Parent Survival Guide Parent Survival Guide Issue 02 (Spring) - Page 27

This severing of a child’s bonds with a parent by the other parent is called parental alienation, and Chris had become a target parent.

Dr. William Bernet, professor emeritus of the Department of Psychiatry at Vanderbilt University School of Medicine, explains, “Parental alienation is a mental condition in which a child—usually one whose parents are engaged in a high conflict separation or divorce—allies himself strongly with one parent (the preferred parent or alienating parent) and rejects a relationship with the other parent (target parent) without legitimate justification.2

The ex-wife and her new husband had moved to a new town, where the ex-wife took Chris off all medical and school records. She replaced Chris’ name with her new husband’s. She seemed to want to hide her lesbian past from her new straight friends and her new husband’s family. Chris says that her former wife instructed the boys not to call Chris “Mama.”

“She wanted to wash me out and thought I’d eventually go away,” Chris told me. “But I dug in.”

Chris texted her older son every day, “I love you.”

Parental alienation doesn’t happen by accident. It is strategic. It is tactical. There are typical patterns and ploys used by alienating parents to sever the bond of love and connection between the child and the target parent.

Dr. Amy Baker, author of books on the topic and a nationally recognized expert in the phenomenon, identifies 17 strategies used by alienating parents, strategies that fall into 5 primary categories:

(1) poisonous messages to the child about the targeted parent in which he or she is portrayed as unloving, unsafe, and unavailable; (2) limiting contact and communication between the child and the targeted parent;

(3) erasing and replacing the targeted parent in the heart and mind of the child;

(4) encouraging the child to betray the targeted parent’s trust; and

(5) undermining the authority of the targeted parent.

Taken together these parental alienation strategies foster conflict and psychological distance between the child and the targeted parent. When one parent engages in these behaviors they can be considered a toxic ex3.

Stanley Clawar and Brynne Rivlin’s thorough book Children Held Hostage identifies the brainwashing strategies of those “poisonous messages,” which include group dynamics, highlighting the target parent’s differences from a well-defined group, and attacking the lifestyle of the target parent as part of a thematic focus4. The point of attacking a target parent’s lifestyle or differences is to instil within children the belief that they shouldn’t have a relationship with the target parent.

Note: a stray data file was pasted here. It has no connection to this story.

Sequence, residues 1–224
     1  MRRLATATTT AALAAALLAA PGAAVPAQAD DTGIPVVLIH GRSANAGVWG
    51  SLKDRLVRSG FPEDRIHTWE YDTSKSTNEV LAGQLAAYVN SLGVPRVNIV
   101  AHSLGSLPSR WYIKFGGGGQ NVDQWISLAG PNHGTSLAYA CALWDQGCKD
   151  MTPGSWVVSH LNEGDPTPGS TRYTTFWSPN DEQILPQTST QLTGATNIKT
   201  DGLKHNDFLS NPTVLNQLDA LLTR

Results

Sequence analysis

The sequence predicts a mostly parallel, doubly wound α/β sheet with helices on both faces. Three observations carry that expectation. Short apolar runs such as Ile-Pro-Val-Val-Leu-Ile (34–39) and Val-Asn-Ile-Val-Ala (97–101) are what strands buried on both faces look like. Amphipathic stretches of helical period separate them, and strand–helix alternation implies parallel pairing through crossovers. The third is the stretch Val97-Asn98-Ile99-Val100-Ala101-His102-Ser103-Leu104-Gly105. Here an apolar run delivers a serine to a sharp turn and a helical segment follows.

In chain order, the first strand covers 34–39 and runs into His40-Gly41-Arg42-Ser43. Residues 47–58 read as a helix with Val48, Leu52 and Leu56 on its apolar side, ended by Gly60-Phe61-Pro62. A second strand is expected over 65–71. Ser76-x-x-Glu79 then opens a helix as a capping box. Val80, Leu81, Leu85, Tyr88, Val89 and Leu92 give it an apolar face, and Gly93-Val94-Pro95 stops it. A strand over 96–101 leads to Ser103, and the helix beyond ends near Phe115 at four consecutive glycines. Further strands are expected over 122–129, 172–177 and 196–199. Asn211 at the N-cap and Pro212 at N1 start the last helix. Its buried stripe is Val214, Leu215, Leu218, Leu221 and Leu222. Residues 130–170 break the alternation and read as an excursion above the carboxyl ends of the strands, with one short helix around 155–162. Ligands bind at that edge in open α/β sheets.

On the sociological front, Dr. Jennifer Harman, a research psychologist and associate professor of psychology at Colorado State University, presents parental alienation as a domestic abuse and social justice issue. Alienating parents use ingrained cultural stereotypes about parents to target the other parent for alienation. It hurts the children, she argues, but the primary end is to hurt the target parent, so it is a form of domestic violence5.

These resources paint a picture of the phenomenon that embroiled Chris. Her former wife physically prevented the children from seeing her, which falls squarely into Baker’s category “limiting contact and communication.” Telling the children not to call Chris “Mama” and removing Chris’ name from medical and school records is a way to “erase and replace the targeted parent.” The ex-wife certainly behaved like a toxic ex.

In this specific case, Chris was navigating the minefield of sexual identity and sexual (Cont. on p. 29)

The point of attacking a target parent’s lifestyle or differences is to instil within children the belief that they shouldn’t have a relationship. with the target parent.

spring 2017 PSG 27